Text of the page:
Another Train Derails, Spilling Toxic Petroleum Products
Yet another train has derailed on U.S. tracks, spilling toxic chemicals.
This time, the train was a Canadian Pacific (CP) train, the accident took place in rural North Dakota and the toxins included petroleum used in asphalt production. However, both officials and the company said that no one was injured and that the spill would not threaten public health.
“CP is committed to the full clean-up of the spilled products and environmental restoration of the site,” company spokesperson Andy Cummings said, as The Washington Post reported.
The derailment occurred at approximately 11:15 p.m. on Sunday around one mile southeast of the town of Wyndmere, North Dakota, Valley News Live reported. Thirty-one of 70 cars went off the tracks in an incident that initial investigations blamed on a broken rail. Among them were at least seven cars containing hazardous chemicals. These chemicals were:
- Liquid asphalt: This is a viscous liquid or semi-solid form of petroleum typically sourced from the heaviest parts of crude oil and used to pave roads, according to the Virginia Asphalt Association. It spilled from four cars.
- Ethylene glycol: This is a synthetic liquid that absorbs water and is often used as antifreeze, according to the National Library of Medicine. Because it is liquid, it spreads easily in the environment and needs to be stopped before it seeps into groundwater or drinking water. It is currently produced from fossil fuels, according to the Massachusetts Institute of Technology. It spilled from two cars.
- Propylene: This is an extremely flammable fuel gas that is typically obtained while refining gasoline, according to Linde. One car holding it was punctured, releasing some of the gas, but the puncture was then contained, Cummings told Valley News Live.
Luckily, the spilled chemicals did not start a fire, and the incident did not occur near any waterways, officials said. The company is working with Wyndmere and Richland County first responders and the North Dakota Department of Environmental Quality to clean the site, which should take around seven to 10 days.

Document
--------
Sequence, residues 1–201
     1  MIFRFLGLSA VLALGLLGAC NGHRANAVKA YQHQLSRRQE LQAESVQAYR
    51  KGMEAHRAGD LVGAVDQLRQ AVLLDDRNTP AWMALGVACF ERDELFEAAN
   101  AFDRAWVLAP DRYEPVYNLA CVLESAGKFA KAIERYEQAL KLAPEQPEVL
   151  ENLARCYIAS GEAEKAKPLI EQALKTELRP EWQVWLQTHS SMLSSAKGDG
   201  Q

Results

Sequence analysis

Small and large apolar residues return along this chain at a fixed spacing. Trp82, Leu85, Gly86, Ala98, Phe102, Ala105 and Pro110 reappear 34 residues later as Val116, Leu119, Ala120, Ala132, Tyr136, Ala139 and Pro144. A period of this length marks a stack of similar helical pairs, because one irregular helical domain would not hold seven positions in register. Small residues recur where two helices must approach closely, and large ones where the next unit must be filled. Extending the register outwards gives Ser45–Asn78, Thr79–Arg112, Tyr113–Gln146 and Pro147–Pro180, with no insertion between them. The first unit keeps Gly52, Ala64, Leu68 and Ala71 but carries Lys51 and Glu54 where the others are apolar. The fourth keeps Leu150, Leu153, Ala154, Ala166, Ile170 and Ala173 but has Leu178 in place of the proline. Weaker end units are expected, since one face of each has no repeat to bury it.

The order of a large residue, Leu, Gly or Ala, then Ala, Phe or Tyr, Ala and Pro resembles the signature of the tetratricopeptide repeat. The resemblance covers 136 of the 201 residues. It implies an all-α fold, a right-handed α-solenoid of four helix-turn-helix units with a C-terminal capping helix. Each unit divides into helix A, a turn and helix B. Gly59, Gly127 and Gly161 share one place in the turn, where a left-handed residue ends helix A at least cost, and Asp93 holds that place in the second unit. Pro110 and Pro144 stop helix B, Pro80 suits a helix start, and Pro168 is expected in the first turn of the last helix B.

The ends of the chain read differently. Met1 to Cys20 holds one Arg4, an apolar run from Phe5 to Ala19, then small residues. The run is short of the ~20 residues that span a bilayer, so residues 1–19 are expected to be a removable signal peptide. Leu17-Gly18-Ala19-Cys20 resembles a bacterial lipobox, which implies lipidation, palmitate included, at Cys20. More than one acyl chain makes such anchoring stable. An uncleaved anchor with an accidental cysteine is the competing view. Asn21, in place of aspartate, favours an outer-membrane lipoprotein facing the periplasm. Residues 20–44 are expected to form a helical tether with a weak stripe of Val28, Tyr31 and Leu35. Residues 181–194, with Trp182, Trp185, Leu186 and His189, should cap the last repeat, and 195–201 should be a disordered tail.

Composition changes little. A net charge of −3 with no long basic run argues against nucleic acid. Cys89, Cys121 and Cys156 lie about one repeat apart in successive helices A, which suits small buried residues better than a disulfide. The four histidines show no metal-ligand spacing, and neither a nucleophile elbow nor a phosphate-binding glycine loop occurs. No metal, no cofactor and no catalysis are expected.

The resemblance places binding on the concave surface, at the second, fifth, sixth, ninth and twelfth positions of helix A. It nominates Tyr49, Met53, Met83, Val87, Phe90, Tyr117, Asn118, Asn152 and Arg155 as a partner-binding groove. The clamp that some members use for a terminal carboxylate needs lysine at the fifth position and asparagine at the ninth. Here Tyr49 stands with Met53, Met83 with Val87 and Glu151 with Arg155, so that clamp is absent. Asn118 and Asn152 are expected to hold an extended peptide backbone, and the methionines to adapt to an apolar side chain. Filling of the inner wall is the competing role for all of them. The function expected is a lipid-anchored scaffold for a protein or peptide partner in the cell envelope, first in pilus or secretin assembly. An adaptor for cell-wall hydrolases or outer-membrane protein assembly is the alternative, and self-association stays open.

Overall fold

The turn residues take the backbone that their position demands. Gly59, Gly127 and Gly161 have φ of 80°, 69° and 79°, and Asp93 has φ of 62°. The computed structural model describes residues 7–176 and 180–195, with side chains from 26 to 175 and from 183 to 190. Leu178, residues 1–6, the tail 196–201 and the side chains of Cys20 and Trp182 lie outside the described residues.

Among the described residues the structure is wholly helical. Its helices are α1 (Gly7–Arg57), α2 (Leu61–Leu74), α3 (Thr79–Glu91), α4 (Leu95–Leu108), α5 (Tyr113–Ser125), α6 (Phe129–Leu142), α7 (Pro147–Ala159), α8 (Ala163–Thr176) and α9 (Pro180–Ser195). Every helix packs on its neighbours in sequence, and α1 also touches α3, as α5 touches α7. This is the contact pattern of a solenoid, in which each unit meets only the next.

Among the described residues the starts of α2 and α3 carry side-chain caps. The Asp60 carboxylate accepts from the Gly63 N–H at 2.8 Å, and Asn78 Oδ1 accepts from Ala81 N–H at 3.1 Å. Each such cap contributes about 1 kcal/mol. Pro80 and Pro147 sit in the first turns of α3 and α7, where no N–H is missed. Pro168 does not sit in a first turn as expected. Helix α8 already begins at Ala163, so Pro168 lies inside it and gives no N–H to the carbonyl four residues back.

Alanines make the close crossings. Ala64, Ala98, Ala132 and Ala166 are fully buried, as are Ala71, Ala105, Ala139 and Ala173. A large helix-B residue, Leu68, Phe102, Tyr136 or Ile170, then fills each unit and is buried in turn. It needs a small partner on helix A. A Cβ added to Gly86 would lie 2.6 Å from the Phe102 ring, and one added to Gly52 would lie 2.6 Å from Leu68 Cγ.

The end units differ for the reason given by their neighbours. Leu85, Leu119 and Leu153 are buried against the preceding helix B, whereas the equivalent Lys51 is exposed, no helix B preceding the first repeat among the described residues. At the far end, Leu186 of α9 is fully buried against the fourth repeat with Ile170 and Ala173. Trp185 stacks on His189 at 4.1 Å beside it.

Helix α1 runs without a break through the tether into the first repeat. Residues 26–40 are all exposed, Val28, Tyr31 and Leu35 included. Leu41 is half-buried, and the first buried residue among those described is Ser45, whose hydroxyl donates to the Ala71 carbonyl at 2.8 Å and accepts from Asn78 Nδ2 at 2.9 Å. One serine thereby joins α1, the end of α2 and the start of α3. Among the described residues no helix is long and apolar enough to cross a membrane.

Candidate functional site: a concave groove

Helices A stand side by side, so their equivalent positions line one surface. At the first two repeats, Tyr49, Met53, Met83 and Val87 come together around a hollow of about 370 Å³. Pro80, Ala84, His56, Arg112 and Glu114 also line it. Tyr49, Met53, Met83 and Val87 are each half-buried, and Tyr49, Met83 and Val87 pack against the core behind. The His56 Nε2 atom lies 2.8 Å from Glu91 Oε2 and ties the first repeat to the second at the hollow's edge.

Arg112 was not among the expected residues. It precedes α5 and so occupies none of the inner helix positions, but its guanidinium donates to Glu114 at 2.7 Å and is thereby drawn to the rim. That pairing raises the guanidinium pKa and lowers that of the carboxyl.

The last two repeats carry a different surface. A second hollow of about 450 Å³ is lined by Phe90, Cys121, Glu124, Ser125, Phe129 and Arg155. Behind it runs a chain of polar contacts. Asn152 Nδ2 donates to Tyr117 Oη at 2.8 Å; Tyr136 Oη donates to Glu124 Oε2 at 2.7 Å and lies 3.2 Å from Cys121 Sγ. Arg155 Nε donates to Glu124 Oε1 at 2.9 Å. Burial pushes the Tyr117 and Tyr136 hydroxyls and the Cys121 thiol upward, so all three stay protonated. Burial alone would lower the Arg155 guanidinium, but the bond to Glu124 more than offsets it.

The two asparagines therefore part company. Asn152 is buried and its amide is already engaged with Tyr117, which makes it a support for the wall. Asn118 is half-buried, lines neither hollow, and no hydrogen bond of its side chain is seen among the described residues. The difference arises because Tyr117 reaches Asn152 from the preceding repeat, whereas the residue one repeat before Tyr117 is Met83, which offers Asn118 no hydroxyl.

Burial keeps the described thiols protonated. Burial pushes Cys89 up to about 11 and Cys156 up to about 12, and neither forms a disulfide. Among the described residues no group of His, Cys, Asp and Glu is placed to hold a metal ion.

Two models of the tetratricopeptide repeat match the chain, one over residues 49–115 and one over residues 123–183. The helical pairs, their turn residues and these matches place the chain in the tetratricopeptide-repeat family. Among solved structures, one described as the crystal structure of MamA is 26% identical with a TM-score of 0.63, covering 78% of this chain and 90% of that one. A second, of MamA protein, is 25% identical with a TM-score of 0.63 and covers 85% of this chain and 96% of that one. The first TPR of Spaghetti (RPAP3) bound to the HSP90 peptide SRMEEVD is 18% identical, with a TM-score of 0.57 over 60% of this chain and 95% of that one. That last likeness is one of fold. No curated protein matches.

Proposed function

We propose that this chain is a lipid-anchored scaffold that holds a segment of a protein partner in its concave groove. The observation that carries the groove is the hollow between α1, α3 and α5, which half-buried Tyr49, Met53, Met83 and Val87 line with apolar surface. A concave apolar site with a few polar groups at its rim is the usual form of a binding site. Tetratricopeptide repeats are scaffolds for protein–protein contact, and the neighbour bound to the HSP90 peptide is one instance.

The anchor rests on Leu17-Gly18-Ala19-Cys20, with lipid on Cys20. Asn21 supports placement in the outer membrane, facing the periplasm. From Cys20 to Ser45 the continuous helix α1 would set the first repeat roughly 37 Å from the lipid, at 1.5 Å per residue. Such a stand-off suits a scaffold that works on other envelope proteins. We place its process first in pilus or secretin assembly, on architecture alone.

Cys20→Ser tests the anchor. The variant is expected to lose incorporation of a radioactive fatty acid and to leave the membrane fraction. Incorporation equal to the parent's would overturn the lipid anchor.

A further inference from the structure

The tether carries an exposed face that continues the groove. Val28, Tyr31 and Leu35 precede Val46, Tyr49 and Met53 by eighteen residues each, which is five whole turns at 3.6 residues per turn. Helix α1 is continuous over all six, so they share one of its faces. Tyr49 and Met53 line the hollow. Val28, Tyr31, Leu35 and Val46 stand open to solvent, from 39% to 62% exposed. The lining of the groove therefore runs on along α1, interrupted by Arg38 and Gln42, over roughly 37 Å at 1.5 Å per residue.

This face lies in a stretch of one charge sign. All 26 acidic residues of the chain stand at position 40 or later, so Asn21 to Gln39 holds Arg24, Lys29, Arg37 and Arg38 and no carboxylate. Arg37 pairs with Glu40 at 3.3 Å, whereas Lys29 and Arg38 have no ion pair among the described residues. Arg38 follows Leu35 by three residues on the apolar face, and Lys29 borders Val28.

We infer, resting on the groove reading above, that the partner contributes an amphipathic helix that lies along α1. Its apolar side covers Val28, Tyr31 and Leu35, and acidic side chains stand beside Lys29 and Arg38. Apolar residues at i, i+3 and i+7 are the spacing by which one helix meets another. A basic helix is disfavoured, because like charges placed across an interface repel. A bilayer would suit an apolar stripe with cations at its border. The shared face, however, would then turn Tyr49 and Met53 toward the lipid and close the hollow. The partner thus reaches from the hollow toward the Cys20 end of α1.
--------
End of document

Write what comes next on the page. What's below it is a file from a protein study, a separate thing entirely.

“I’ve talked to the people as far as the railroad, as far as cleanup and stuff like that. And there will be environmental testing and issues like that going forward, throughout the rest of the year,” Edd Goerger, who owns the land of the derailment site, told Valley News Live. “We have to make sure we work with the railroad, that the heavy traffic going down our roads at this vulnerable time with some thawing have to make sure that the roads are put back too.”
While Sunday’s derailment seems to have avoided catastrophe, it comes as the nation is newly aware of the dangers of moving hazardous chemicals by rail following the Feb. 3 derailment of a train in East Palestine, Ohio that forced 1,500 to 2,000 people to evacuate the site of a spill that included the plastic-production and liver-cancer-linked chemical vinyl chloride. Norfolk Southern, the company that operated the train, and the U.S. Environmental Protection Agency have since said the town is now safe, but independent scientists, activists and residents are less sure, The Guardian reported.
“I don’t believe the government or railway company’s claims that our town is safe,” resident Greg Mascher, who says he still struggles to sleep at night due to coughing despite leaving the town shortly after the accident, wrote in The Guardian Monday. “You hate to say that they’re lying, but they are.”
Since the East Palestine derailment, there have been other high-profile incidents, including another Norfolk Southern derailment in Ohio in early March — which luckily did not release any chemicals — and a BNSF derailment, in Mid-March, which leaked around 5,000 gallons of fuel onto a Swinomish Reservation in Washington State. Also on Sunday, a Union Pacific trail carrying iron ore derailed in San Bernardino County, California, but there was no threat to the public or environment, The Washington Post reported.
The East Palestine derailment has led to a bi-partisan push for rail safety legislation, but it’s important to note that many of the recent derailments have involved chemicals either derived from fossil fuels or used to produce plastic, a petroleum product. In this way, they provide another argument in favor of phasing out the fuels whose burning is largely responsible for the climate crisis.
Subscribe to get exclusive updates in our daily newsletter!